I have a bash script which uses "ssh -t -t <destination> <command>" to invoke a command on a remote machine. <command> is a script which invokes minicom with runscript, which is why I use the "-t -t" flags. The problem is, sometimes the executable running on minicom's target hangs. Runscript has a global timeout, but I can't find any way to execute a command upon global timeout, or else I'd have the global timeout issue "killall -9 minicom" to kill the minicom session. The runscript times out but the minicom session remains open. So now I need a way to timeout the ssh session from within the bash script.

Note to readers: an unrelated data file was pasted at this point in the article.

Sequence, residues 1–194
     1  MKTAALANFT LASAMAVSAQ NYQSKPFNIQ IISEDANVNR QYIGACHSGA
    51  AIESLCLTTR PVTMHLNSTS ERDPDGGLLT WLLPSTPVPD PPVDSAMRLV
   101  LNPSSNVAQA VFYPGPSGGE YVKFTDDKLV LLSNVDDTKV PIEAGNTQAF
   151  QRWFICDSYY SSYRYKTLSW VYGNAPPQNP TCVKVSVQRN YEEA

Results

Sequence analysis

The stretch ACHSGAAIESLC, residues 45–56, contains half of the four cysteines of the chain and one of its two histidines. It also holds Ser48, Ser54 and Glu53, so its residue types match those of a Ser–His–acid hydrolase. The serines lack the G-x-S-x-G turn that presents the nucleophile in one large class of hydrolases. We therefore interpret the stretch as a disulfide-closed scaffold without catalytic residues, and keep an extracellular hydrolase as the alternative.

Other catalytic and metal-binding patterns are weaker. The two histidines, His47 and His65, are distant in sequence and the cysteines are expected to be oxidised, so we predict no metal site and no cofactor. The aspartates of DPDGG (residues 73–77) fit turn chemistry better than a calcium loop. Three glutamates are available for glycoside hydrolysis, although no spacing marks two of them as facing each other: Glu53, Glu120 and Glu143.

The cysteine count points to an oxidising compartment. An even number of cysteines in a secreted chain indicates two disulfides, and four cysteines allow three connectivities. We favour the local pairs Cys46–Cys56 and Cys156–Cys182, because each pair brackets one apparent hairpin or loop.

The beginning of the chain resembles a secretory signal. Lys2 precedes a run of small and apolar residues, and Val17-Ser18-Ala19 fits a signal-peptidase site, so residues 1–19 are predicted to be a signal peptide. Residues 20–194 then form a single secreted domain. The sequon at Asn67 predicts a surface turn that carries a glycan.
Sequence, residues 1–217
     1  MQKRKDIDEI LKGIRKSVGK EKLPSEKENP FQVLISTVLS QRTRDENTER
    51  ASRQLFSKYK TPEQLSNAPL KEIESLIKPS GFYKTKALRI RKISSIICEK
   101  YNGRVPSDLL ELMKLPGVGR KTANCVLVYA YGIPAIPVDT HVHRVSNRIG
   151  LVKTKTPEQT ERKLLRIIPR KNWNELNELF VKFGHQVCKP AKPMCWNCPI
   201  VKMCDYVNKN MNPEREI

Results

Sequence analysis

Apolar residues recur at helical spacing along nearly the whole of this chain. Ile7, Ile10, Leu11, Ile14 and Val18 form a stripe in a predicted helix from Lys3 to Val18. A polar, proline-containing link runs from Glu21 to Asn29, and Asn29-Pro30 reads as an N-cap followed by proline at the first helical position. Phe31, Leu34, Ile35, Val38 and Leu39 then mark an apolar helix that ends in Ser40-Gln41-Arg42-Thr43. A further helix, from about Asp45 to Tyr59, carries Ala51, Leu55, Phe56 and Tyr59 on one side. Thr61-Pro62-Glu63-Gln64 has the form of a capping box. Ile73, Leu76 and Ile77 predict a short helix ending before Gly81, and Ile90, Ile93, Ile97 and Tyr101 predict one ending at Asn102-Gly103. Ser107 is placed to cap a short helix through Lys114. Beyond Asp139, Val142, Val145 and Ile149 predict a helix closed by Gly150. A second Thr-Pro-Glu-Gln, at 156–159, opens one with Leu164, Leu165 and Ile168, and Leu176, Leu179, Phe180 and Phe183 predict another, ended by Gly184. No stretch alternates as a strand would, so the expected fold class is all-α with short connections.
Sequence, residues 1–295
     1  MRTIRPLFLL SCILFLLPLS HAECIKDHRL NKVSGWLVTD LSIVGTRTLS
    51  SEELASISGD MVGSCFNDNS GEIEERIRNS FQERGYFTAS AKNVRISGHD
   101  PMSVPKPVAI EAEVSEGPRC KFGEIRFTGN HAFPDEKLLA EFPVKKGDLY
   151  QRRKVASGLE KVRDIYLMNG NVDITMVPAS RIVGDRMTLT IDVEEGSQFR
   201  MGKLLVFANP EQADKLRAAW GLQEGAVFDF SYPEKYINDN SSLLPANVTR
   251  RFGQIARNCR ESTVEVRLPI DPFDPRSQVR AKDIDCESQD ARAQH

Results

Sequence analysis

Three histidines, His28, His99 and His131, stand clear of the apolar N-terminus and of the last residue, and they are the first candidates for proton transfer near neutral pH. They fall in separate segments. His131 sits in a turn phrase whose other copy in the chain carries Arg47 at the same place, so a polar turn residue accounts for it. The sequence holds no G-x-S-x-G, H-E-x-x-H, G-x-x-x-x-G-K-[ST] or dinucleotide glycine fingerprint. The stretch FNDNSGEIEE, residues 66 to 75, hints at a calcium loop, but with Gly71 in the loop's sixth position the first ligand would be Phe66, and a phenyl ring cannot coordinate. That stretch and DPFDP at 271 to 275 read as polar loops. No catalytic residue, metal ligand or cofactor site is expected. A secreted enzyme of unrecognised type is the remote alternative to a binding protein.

The following works fine from the shell and from within the bash script:
timeout 100m ssh <destination> echo hi
timeout 100m ssh -t <destination> echo hi
timeout 100m ssh -t -t <destination> echo hi

However, if I put the timeout inside a bash script, the first line above works well but as soon as I add a -t flag, the script appears to hang instead of running the command on the remote server. I can't even ^C out of it. The remote server does not start ever start executing the command sent (verified by sending a long running script, watching the local bash script with the timeout hang, and seeing the remote server *not* running that process at the same time).

Any ideas of why this his happening? Any suggestions for solutions?